Landcare Research - Manaaki Whenua

Landcare-Research -Manaaki Whenua

Strategic technologies for managing pests

Mammal pests (possums, rats, stoats, and mice) are a major threat to NZ’s biodiversity, and possums also the major wildlife contributor to TB persistence. The cost of control tools for these species limits the extent and frequency that control can be applied, and consequently, much of NZ’s iconic biodiversity is still sliding towards local extinction.

High control costs impact in the same way on achieving TB freedom for New Zealand, which depends on maintaining possum densities at very low levels for 10 or more years. Furthermore, the on-going use of some control tools, especially 1080, is being increasingly challenged because of public concerns about risks of adverse impacts on non-target species and the environment, and on animal welfare grounds.

To address these needs our research is developing cost-effective tools and applications for multi-species pest control by:

  1. reducing costs,
  2. reducing adverse impacts, and
  3. increasing community engagement with pest control.

In the first aim we are re-engineering smart new delivery technologies for aerial delivery, and new approaches to ground control with an improved understanding of pest behaviour that together minimise pest survival over large areas.

The second aim will mitigate adverse impacts through

  • novel use of synergists to minimise welfare, residue, and economic costs,
  • repellents to minimise risks to non-target species, and
  • novel bait delivery systems to improved target specificity.

In the third research aim we are developing and testing ways to achieve positive public dialogue and participation in pest management decision-making, including the novel use of ecological games to help participants visualise the ecological, wildlife disease, and economic trade-offs in their decision-making.


  • Brown S, Warburton B, Fisher P, Bunt CR 2012. Optimising the palatability and longevity of stoat baits. New Zealand Journal of Zoology 39(3): 229-243.
  • Morriss GA, Warburton B, Cross ML, Nugent G 2012. Hoarding behavior by ship rats (Rattus rattus) in captivity and its relevance to the effectiveness of pest control operations. European Journal of Wildlife Research 58(2): 483-488. <Go to ISI>://WOS:000301780600010
  • Nugent G, Warburton B, Thomson C, Cross ML, Coleman MC 2012. Bait aggregation to reduce cost and toxin use in aerial 1080 baiting of small mammal pests in New Zealand. Pest management science 68(10): 1374-1379.
  • Warburton B, Tompkins DM, Choquenot D, Cowan P 2012. Minimising the number of individuals killed in long-term vertebrate pest management programmes, and the economic incentives to do so. Animal welfare 21(s1): 141-149.
  • Cowan P, Warburton B 2011. Animal welfare and ethical issues in island pest eradication. Occasional Papers of the IUCN Species Survival Commission 42: 418-421.
  • Fisher P, Nugent G, Morgan D, Warburton B, Cowan P, Duckworth J 2011. Possum Management Using Aerial 1080 – Not New, Definitely Improved. New Zealand Journal of Forestry 56(3): 5-8.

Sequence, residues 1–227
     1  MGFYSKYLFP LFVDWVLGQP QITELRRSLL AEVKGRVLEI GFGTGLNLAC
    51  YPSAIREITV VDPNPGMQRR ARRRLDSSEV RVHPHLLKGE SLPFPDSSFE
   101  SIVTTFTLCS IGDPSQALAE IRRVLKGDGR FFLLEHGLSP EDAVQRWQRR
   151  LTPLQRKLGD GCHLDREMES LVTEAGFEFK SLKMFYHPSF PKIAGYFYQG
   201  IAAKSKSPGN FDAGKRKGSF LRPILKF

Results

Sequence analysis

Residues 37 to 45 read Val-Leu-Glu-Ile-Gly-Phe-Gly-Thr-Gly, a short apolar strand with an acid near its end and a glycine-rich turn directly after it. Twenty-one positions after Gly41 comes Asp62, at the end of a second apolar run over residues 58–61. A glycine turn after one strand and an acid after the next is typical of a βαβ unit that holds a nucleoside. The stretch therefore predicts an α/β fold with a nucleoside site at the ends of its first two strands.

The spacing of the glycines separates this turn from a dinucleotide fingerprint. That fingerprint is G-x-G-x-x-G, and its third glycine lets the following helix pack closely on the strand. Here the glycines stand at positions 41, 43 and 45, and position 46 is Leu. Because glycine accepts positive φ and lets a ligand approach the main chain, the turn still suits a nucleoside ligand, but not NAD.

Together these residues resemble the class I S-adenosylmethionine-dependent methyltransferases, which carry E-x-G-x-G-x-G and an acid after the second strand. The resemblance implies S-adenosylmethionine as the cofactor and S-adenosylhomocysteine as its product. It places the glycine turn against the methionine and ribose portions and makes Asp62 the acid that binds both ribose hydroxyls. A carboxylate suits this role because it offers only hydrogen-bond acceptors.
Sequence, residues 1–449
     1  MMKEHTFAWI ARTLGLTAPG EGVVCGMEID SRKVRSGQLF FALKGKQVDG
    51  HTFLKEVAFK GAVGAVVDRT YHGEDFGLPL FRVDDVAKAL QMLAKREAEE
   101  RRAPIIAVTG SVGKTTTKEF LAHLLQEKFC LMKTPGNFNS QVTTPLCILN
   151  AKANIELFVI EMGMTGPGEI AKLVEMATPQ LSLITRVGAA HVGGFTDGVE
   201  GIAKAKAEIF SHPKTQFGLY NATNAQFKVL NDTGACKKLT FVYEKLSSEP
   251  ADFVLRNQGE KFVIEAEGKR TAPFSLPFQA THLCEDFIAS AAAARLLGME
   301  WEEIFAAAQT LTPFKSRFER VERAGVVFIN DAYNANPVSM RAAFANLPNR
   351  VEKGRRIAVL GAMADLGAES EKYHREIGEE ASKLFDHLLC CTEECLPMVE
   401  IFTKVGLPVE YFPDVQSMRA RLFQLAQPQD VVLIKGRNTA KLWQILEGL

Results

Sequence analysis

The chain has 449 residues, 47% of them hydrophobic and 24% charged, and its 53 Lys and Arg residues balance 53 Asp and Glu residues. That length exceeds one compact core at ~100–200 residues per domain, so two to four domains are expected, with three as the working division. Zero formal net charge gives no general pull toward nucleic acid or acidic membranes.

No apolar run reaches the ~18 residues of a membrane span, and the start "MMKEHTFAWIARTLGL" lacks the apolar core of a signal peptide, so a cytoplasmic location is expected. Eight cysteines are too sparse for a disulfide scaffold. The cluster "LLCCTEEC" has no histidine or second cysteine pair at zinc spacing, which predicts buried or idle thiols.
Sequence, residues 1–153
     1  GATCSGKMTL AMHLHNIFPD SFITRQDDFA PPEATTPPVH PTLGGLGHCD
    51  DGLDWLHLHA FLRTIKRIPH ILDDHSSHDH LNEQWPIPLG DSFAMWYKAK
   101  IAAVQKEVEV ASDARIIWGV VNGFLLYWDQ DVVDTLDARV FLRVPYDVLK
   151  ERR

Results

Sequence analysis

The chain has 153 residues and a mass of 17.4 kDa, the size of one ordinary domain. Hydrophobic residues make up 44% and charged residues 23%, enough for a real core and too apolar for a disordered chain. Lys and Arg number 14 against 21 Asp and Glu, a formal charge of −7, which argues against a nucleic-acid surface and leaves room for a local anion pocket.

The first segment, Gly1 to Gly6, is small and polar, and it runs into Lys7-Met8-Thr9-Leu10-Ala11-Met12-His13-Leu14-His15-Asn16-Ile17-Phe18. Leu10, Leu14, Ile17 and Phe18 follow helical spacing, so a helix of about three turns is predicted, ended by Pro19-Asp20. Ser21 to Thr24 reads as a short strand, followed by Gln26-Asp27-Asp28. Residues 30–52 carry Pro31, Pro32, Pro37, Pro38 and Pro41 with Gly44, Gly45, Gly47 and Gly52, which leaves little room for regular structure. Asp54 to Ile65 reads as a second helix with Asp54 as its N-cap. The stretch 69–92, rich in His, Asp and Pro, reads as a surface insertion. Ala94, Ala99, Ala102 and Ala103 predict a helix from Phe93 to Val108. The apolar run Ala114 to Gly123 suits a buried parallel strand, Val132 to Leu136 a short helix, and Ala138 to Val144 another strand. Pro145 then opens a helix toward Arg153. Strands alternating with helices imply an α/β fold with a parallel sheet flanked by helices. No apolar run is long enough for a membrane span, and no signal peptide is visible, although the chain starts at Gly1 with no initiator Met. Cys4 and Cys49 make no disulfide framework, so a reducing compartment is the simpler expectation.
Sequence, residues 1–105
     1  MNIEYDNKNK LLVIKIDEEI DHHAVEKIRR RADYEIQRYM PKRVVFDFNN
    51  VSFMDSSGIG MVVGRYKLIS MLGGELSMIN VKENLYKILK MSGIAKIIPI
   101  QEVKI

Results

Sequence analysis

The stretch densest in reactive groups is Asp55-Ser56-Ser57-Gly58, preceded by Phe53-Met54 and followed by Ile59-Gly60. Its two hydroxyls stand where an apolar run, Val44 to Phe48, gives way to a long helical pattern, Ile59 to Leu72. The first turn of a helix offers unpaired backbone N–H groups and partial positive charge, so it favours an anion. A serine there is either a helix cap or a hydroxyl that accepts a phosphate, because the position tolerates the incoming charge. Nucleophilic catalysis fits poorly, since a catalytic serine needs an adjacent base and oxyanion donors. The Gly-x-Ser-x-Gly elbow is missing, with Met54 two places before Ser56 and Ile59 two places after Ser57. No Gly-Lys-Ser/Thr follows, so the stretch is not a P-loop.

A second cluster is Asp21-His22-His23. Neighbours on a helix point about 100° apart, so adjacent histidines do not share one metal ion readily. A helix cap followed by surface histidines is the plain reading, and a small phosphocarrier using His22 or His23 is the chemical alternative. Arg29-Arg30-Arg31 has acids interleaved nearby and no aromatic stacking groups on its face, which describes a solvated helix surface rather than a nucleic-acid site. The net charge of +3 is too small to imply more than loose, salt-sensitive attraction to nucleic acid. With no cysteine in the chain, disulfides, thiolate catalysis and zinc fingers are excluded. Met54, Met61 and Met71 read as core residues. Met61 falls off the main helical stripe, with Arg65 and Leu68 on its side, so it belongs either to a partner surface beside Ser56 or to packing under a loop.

• Nugent G, Morgan D, Clayton R, Warburton B 2011. Improving the efficacy of aerial poisoning of brushtail possums Trichosurus vulpecula through reduced fragmentation of bait. International journal of pest management 57(1): 51 - 59.
  • Nugent G, Warburton B, Thomson C, Sweetapple P, Ruscoe WA 2011. Effect of prefeeding, sowing rate and sowing pattern on efficacy of aerial 1080 poisoning of small-mammal pests in New Zealand. Wildlife Research 38(3): 249-259. <Go to ISI>://WOS:000292686300009
  • Nugent G, Turner T, Warburton B 2009. Sustained recall of bait acceptability in captive brushtail possums (Trichosurus vulpecula). New Zealand journal of zoology 36: 473-478.
  • Warburton B, Clayton R, Nugent G, Graham G, Forrester G 2009. Effect of prefeeding on foraging patterns of brushtail possums (Trichosurus vulpecula) about prefeed transects. Wildlife research 36(8): 659-665.
  • Warburton B, Norton BG 2009. Towards a Knowledge-Based Ethic for Lethal Control of Nuisance Wildlife. Journal of Wildlife Management 73(1): 158-164.
  • Warburton B, Yockney I 2009. Comparison of two luring methods for trapping brushtail possums in non-forest habitats of New Zealand. New Zealand journal of zoology 39(4): 401-405.
  • Choquenot D, Warburton B 2006. Modelling the cost-effectiveness of wallaby control in New Zealand. Wildlife research 33(2): 77-.
  • Ball SJ, Ramsey D, Nugent G, Warburton B, Efford M 2005. A method for estimating wildlife detection probabilities in relation to home-range use: insights from a field study on the common brushtail possum (Trichosurus vulpecula). Wildlife research 32: 217-227.
  • Efford MG, Warburton B, Coleman MC, Barker RJ 2005. A field test of two methods for density estimation. Wildlife Society bulletin 33(2): 731-738.
  • Forsyth DM, Link WA, Webster R, Nugent G, Warburton B 2005. Nonlinearity and seasonal bias in an index of brushtail possum abundance. Journal of wildlife management 69(3): 976-984.
  • Fraser KW, Overton JM, Warburton B, Rutledge DT 2004. Predicting spatial patterns of animal pest abundance : a case study of the brushtail possum (Trichosurus vulpecula). Science for conservation. 236. Wellington, Department of Conservation. -57 p.
  • Warburton B, Barker R, Coleman M 2004. Evaluation of two relative-abundance indices to monitor brushtail possums in New Zealand. Wildlife research 31(4): 397-401.
  • Warburton B, Thomson C 2002. Comparison of three methods for maintaining possums at low density. Science for conservation. 189. Wellington, Department of Conservation. -20 p.
  • Eason C, Warburton B, Henderson R 2000. Toxicants used for possum control. In: Montague TL ed. The brushtail possum : biology, impact and management of an introduced marsupial. Lincoln, Manaaki Whenua Press. Pp. 154-163.
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